Dutton dismisses new abuse
Disturbing signs of abuse have again emerged from an Australian government facility.
Guardian Australia has published the alarming highlights of 2,000 leaked reports, detailing assaults, sexual abuse, self-harm attempts, child abuse and poor living conditions at the Nauru offshore detention centre.
It seems the Australian people can barely go a week without hearing of another disgusting practice undertaken on their behalf.
Immigration Minister Peter Dutton says it is old news, and could be made up.
“Most of that’s been reported on before,” he said on Thursday.
“I won’t tolerate any sexual abuse whatsoever. But I have been made aware of some incidents that have been reported, false allegations of sexual assault, because in the end people have paid money to people smugglers and they want to come to our country.
“Some people have even gone to the extent of self-harming and people have self-immolated in an effort to get to Australia, and certainly some have made false allegations in an attempt to get to Australia.”
Mr Dutton said it was just “hype”, and pointed out that the centre was on Nauru, not Australia.
The Government had earlier issued a statement to the media saying “many of the incidents are historical in nature”, as the most recent reports were from October 2015.
It claimed to be “seeking urgent advice from its service providers today to confirm all of these matters have been previously and appropriately reported to it, consistent with the policies and procedures covering such matters”.
While the documents contain untested allegations, the details are very much in line with reports by Amnesty International and Human Rights Watch.
Amnesty International's Senior Director for Research, Anna Neistat, says the latest leaks are too damning to ignore.
“The exposure of just how appalling the conditions on Nauru are - and the impact of this on refugees - has to end the government of Australia's denials,” she said in a statement.
“They've repeatedly said this kind of abuse has not been going on. They've been lying.”
Human Rights Watch called on Australia to the Nauru centre.
“It should move immediately to settle refugees in Australia or an appropriate third country,” the group said.
“And it should begin a reckoning for the abuses its agents committed and its officials condoned.”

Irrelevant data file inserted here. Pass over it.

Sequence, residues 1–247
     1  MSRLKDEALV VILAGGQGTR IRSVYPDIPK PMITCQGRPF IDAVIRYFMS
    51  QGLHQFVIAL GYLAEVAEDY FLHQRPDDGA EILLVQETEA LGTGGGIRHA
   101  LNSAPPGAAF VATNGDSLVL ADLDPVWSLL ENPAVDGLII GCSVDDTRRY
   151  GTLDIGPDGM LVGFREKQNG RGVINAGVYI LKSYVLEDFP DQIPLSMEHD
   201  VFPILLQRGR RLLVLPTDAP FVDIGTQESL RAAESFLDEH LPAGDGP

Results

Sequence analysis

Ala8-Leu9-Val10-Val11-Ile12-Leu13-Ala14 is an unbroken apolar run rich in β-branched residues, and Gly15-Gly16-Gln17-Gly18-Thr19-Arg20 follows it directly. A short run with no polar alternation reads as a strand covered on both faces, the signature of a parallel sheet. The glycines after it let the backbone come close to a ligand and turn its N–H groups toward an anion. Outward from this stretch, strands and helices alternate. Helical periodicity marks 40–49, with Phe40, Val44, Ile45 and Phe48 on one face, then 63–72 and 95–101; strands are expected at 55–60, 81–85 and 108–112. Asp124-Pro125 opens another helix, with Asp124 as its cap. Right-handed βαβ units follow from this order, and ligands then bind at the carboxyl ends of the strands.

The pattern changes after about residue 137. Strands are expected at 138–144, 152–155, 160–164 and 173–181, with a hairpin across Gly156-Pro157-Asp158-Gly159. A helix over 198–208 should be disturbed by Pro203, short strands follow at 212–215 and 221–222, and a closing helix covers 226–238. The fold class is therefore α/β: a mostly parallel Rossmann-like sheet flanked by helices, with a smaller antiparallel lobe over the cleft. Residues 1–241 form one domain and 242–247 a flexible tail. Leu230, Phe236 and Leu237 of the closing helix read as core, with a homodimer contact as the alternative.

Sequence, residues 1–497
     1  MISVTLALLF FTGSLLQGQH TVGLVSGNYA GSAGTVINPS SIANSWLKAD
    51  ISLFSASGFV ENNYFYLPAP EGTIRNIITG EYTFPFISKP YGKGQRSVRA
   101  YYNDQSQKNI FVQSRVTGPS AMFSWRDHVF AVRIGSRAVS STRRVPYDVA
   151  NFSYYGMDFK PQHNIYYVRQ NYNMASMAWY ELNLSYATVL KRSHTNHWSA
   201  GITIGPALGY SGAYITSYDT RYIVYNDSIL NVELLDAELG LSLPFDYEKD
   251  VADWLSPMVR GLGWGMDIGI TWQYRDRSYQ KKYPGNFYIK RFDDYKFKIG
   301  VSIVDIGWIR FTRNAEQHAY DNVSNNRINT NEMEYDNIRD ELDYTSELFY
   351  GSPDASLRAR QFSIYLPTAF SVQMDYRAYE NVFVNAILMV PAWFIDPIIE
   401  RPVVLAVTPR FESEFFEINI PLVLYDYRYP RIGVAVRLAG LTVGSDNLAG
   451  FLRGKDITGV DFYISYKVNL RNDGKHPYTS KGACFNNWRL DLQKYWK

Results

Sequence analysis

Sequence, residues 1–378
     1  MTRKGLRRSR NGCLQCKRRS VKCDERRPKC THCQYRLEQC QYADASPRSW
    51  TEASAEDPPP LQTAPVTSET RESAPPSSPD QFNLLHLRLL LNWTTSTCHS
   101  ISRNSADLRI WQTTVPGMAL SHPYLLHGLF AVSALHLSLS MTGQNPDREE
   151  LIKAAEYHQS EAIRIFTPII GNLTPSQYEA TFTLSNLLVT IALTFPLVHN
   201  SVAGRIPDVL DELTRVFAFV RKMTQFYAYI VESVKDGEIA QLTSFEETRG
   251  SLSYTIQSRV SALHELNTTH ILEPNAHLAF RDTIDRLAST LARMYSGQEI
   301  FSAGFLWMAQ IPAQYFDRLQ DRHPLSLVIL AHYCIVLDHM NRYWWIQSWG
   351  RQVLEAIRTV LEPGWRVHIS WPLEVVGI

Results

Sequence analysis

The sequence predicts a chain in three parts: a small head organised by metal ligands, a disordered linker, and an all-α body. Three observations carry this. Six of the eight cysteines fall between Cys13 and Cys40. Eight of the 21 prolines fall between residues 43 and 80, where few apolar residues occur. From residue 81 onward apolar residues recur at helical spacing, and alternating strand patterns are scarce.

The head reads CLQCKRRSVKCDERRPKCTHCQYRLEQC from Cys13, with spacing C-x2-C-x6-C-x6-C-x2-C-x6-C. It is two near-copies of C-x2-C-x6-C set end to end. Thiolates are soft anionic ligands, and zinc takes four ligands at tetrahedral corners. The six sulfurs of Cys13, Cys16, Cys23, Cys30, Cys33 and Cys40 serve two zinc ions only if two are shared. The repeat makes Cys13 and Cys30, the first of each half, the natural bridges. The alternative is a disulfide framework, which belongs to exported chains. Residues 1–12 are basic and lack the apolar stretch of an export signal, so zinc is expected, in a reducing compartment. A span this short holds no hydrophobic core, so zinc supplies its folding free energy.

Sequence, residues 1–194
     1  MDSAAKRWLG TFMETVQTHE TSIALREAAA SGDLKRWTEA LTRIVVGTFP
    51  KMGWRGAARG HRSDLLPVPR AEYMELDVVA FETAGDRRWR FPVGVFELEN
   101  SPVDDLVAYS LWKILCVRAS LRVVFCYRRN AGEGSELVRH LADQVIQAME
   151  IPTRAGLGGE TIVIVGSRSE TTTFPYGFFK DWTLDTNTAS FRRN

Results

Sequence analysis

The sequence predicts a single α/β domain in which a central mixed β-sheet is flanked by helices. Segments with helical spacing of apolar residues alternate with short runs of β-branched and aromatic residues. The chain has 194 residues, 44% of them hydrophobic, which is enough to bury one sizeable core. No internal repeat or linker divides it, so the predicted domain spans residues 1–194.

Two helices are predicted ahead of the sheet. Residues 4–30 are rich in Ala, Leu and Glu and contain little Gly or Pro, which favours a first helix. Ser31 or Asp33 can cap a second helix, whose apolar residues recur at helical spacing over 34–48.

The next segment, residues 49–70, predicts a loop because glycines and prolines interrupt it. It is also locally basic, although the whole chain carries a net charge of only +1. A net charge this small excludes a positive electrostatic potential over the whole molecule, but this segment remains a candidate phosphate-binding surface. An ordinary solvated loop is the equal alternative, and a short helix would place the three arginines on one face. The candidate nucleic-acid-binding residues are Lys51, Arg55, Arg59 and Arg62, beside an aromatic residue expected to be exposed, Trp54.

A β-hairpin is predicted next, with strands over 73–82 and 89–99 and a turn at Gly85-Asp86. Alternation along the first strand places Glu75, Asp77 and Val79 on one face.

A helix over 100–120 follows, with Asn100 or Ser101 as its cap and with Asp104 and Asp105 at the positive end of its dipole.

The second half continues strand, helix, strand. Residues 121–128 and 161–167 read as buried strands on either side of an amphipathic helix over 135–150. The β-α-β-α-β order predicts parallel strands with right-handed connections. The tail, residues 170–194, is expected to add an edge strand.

A UNICEF spokesperson backed that line.
“There is undeniable, cumulative evidence that suggests that asylum seeker and refugee children are not safe under existing arrangements on Nauru,” said Nicole Breeze, UNICEF Australia’s Director of Policy and Advocacy.
“The Australian government must take immediate action for children and their families to prevent further harm,” she said.
Detention centre service provider Broadspectrum, formerly known as Transfield, claims to have a “robust incident reporting system”, and that it takes these allegations “extremely seriously”.
“The care and well-being of asylum seekers is paramount in our processes and actions,” said Broadspectrum executive general manager Chris Gordon.
“We have been open and transparent about our work at the RPC [Regional Processing Centre], noting that the environment at the centre can be complex and challenging.”
Wilson Security, another private company named in the Guardian reports, have referred media inquiries to the Department of Immigration.
For many, these revelations bring back to mind similarly disturbing accounts from the Don Dale youth prison in NT.
The big difference is that the Don Dale revelations were combined with visual evidence, and the Nauru files are not.
The situation at Don Dale was reported several times before the 4 Corners episode that brought it front and centre, showing the power of visual presentation.
Hopefully without visual proof, enough public attention can be mustered to open the doors and improve conditions in Australia’s offshore detention camps.